This study uses a time-mode extended singular value decomposition (TESVD) analysis to identify the propagating coupled modes between the upper ocean heat content (UOHC) and sea surface temperature (SST) anomalies in the tropical Indo-Pacific. Four dominant TESVD modes stand out in the interannual timescale. The TESVD1 and TESVD2 depict the thermocline-SST feedback process during ENSO's persistence period and its turnabout, respectively. With an intrinsic 42-month periodicity, both modes together form an UOHCA pattern propagating counterclockwise around the circuit of equatorial-to-northern tropical Pacific followed by the SSTA propagating eastward in the equatorial waveguide. The leading role of UOHCA is mainly associated with El Niño occurrence. In contrast, the TESVD3 depicts the onset stage of ENSO that has the westward propagating SSTA lead the UOHCA in the cold tongue region. Suppressed equatorial upwelling directly through the positive feedback between the warmer SSTs and anomalous wind convergence from the northwestern Pacific and Caribbean Sea is another factor to trigger El Niño over the NINO3 region, in addition to the thermocline-SST feedback. The TESVD4 depicts the low-frequency evolution of SSTA when ENSO signal is absent. It has the westward migrating SSTA lead the UOHCA 4-month in the equatorial East Pacific. However, the pace of coupled UOHCA is nearly stagnant elsewhere due to the lack of thermocline adjustment mechanism when the zonal wind anomalies largely disappear over the equatorial Indian and West Pacific Oceans. In the Indian Ocean, while the ENSO-related SSTA evolution mainly displays an eastward basin-scale change in the first two TESVD modes, SSTA pattern depicted by the TESVD3 (TESVD4) resembles the double (single) polarity of the Indian Ocean dipole (IOD) event. It is mainly in its east pole region of southeastern Indian Ocean that the SSTA evolution tends to decouple with the underlying UOHCA.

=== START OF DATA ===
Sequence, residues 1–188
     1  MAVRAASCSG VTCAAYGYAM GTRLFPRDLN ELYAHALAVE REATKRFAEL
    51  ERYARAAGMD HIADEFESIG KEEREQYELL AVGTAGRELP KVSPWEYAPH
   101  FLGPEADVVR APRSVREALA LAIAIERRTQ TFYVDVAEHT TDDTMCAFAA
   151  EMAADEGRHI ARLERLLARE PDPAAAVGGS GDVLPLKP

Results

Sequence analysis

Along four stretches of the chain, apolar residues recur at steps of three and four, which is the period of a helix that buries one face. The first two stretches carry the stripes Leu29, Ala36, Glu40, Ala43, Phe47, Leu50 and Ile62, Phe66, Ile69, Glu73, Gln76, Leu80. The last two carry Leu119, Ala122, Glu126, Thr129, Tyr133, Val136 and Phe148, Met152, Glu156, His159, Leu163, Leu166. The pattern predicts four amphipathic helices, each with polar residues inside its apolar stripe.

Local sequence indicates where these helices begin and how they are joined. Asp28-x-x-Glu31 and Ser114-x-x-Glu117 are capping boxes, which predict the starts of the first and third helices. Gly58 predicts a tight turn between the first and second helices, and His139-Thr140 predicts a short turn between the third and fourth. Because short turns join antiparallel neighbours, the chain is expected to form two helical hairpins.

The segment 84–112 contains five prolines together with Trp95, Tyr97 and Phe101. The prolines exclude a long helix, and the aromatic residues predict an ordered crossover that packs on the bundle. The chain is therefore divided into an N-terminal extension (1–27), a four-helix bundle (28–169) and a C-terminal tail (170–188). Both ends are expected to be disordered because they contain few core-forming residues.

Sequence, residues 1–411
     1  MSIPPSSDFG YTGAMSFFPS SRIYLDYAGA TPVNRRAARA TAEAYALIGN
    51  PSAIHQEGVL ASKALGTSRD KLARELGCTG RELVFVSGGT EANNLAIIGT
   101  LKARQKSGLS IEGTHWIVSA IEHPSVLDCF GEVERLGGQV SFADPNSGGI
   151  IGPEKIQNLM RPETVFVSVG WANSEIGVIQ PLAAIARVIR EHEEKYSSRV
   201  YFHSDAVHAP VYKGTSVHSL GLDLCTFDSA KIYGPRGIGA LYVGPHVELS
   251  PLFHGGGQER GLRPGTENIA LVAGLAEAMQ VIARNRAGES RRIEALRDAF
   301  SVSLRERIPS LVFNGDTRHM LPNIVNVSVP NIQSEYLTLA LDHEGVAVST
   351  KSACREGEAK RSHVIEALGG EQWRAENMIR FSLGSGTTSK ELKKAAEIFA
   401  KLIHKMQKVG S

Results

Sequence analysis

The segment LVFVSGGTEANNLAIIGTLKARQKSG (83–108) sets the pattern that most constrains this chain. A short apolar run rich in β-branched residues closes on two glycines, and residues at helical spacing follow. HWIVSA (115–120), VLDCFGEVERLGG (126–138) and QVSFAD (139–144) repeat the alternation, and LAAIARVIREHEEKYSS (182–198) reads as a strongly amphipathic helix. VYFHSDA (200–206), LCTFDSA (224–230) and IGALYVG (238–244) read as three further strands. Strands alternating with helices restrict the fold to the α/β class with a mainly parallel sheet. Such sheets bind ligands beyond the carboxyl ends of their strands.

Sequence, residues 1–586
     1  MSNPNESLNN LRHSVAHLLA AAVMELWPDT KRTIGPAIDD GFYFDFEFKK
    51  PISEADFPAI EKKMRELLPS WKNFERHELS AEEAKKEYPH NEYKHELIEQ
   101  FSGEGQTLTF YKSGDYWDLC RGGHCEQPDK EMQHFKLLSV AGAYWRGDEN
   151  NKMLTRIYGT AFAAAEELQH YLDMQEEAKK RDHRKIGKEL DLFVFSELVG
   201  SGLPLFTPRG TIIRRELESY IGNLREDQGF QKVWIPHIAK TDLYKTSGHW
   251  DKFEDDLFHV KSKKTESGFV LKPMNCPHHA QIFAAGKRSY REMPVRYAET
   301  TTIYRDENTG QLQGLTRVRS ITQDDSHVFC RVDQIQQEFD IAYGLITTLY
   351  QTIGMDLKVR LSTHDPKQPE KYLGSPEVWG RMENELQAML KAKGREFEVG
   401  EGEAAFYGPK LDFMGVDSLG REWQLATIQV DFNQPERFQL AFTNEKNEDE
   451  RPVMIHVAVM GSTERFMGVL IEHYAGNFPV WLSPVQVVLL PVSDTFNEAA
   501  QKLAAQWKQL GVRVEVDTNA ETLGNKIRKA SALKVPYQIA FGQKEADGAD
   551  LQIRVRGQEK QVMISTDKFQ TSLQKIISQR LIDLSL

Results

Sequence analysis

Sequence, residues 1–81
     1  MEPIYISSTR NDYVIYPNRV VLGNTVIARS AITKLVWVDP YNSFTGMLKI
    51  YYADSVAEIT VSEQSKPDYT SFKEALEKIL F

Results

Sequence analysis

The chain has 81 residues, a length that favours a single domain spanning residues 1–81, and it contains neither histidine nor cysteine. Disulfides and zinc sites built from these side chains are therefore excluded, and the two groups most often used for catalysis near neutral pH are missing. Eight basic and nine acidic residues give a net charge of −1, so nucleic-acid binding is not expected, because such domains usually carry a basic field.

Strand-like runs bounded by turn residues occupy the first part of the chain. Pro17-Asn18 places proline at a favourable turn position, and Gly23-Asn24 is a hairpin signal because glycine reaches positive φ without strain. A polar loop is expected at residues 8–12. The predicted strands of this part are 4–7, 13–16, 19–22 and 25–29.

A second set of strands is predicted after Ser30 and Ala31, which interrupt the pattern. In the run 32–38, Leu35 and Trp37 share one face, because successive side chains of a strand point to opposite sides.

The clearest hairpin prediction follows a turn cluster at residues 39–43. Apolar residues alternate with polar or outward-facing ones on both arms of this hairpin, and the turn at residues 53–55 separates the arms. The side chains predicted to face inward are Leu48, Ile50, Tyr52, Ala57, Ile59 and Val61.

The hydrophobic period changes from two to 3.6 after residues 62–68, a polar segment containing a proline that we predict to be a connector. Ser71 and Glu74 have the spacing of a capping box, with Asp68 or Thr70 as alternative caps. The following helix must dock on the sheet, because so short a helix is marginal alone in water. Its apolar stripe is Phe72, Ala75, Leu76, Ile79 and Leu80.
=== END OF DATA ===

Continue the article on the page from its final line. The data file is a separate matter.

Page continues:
ASJC Scopus subject areas
- Atmospheric Science